Luminescent solar concentrators (LSCs) provide a simple means to concentrate sunlight without tracking the Sun. These devices absorb and then re-emit light at a lower frequency into the confined modes of a transparent slab, where it is guided towards photovoltaic cells attached to the slab edges. In the thermodynamic limit, a concentration ratio exceeding the equivalent of 100 suns is possible, but, in actual LSCs, optical propagation loss (due mostly to reabsorption) limits the concentration ratio to ∼10. Here, we introduce a general, all-optical means to overcome this problem by 'resonance-shifting', in which sharply directed emission from a bilayer cavity into the glass substrate returns to interact with the cavity off-resonance at each subsequent bounce, significantly reducing reabsorption loss en route to the edges. Using this strategy, we demonstrate near-lossless propagation for several different chromophores, which ultimately enables a more than twofold increase in concentration ratio over that of the corresponding conventional LSC.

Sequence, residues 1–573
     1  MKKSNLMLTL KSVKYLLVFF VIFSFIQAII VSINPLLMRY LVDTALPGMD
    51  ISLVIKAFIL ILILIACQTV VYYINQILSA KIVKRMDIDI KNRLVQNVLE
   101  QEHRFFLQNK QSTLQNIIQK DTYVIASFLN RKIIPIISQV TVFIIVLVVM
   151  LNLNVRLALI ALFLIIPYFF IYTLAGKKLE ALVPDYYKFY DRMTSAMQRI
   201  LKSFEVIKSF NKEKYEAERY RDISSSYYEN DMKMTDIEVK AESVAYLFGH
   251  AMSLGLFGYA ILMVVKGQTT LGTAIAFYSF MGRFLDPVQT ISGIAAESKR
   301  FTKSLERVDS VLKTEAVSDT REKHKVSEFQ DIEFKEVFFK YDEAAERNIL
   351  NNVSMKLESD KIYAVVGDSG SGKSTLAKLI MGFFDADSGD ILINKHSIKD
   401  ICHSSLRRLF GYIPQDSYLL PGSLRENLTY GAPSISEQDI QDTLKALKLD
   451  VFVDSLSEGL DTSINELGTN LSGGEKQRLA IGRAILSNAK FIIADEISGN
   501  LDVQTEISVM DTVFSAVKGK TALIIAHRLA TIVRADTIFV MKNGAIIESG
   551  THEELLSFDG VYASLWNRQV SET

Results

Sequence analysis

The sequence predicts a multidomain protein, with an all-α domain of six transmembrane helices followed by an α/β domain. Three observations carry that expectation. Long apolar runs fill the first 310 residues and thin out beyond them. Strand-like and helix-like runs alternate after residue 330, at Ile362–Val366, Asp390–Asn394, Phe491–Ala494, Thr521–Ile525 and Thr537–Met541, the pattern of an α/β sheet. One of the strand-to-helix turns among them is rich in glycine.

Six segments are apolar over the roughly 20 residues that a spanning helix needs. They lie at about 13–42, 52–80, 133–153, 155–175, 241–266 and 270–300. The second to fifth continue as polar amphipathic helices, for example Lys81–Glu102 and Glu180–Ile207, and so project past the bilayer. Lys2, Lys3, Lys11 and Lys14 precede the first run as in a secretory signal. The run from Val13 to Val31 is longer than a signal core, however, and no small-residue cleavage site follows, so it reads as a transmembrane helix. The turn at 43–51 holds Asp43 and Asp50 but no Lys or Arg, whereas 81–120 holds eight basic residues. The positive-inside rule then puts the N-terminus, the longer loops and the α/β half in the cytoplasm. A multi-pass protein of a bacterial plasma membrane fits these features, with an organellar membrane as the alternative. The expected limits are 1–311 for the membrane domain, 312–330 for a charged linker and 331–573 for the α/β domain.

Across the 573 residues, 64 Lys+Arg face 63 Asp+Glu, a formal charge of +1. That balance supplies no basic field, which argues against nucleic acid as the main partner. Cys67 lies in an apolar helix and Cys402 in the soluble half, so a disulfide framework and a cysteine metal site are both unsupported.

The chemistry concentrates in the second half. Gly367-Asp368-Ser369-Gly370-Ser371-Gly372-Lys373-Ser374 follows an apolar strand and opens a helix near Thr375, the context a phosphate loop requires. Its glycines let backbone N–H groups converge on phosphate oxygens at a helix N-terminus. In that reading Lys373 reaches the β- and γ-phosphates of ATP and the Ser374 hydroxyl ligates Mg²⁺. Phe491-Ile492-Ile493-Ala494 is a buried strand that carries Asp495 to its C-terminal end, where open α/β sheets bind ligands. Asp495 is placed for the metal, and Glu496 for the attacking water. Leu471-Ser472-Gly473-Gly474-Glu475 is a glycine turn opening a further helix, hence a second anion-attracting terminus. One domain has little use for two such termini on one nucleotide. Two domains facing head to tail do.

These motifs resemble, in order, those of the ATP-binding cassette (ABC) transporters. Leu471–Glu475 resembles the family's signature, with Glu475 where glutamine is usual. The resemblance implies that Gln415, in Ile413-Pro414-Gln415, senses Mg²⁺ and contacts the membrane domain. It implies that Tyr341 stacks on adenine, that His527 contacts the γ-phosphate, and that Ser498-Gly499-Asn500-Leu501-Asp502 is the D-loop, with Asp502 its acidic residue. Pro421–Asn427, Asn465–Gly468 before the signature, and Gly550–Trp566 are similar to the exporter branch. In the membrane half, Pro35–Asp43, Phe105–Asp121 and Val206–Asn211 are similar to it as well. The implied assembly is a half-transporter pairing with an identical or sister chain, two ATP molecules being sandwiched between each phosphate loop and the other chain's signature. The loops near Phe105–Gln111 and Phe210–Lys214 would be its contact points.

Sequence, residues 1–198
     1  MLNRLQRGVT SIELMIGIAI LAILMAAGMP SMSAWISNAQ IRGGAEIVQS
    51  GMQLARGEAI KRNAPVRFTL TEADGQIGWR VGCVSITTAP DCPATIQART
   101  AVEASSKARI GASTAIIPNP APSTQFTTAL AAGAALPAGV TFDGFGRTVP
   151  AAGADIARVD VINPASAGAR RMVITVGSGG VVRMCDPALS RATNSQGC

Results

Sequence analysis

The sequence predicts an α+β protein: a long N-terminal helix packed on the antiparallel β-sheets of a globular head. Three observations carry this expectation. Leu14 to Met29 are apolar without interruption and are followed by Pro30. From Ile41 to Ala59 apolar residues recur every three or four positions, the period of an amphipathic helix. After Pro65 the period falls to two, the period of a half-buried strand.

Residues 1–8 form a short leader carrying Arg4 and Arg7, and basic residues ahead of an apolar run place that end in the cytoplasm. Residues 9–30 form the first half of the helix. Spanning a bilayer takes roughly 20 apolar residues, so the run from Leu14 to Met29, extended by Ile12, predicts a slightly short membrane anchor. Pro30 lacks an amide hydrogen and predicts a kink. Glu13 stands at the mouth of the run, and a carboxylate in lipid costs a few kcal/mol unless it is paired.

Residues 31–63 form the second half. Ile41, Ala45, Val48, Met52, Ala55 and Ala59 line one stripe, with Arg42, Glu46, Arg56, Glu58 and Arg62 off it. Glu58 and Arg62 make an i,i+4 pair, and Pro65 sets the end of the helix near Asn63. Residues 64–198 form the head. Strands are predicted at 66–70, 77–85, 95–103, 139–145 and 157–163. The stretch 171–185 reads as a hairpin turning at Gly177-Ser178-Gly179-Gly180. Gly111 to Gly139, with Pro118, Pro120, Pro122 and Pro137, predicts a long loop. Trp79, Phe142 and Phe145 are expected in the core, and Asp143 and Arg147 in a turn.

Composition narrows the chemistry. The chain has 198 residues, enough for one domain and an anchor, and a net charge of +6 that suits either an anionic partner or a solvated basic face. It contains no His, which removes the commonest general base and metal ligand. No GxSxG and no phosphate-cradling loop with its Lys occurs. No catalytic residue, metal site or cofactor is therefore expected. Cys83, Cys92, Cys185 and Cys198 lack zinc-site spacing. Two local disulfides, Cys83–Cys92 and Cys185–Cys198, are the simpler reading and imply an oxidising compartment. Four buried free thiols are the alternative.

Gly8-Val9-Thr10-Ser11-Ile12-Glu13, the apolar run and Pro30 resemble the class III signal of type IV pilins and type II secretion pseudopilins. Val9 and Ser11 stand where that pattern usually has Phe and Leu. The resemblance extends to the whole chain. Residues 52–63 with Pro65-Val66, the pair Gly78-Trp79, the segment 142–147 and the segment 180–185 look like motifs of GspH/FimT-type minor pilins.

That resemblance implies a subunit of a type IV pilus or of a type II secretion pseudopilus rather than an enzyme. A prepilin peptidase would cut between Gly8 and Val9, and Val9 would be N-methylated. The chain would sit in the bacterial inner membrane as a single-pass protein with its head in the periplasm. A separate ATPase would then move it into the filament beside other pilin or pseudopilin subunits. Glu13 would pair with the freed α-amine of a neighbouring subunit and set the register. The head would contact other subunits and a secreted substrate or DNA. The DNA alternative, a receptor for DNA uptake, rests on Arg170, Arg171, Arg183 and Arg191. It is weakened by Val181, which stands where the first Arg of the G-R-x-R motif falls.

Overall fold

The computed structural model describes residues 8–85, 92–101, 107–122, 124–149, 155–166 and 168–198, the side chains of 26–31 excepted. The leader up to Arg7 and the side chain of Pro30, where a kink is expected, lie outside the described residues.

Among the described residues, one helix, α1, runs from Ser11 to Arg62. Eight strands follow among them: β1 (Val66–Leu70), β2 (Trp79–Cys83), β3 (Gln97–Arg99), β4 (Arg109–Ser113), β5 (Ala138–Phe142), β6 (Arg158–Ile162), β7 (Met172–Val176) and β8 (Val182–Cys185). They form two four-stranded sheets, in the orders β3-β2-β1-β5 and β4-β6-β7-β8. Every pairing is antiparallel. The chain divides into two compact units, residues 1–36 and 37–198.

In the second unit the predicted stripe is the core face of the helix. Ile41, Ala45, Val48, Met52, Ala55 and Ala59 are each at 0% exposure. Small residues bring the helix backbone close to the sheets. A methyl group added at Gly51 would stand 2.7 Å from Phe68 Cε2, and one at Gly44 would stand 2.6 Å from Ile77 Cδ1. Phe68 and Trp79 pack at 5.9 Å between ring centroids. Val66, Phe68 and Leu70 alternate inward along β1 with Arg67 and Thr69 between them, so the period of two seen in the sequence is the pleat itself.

ASJC Scopus subject areas
- Electronic, Optical and Magnetic Materials
- Atomic and Molecular Physics, and Optics